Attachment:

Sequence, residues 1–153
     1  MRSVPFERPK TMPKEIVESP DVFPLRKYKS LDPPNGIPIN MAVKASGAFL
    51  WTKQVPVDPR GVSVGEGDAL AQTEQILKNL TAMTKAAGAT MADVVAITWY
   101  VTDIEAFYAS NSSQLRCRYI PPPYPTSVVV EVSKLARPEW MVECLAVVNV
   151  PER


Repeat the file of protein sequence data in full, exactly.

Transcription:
Sequence, residues 1–153
     1  MRSVPFERPK TMPKEIVESP DVFPLRKYKS LDPPNGIPIN MAVKASGAFL
    51  WTKQVPVDPR GVSVGEGDAL AQTEQILKNL TAMTKAAGAT MADVVAITWY
   101  VTDIEAFYAS NSSQLRCRYI PPPYPTSVVV EVSKLARPEW MVECLAVVNV
   151  PER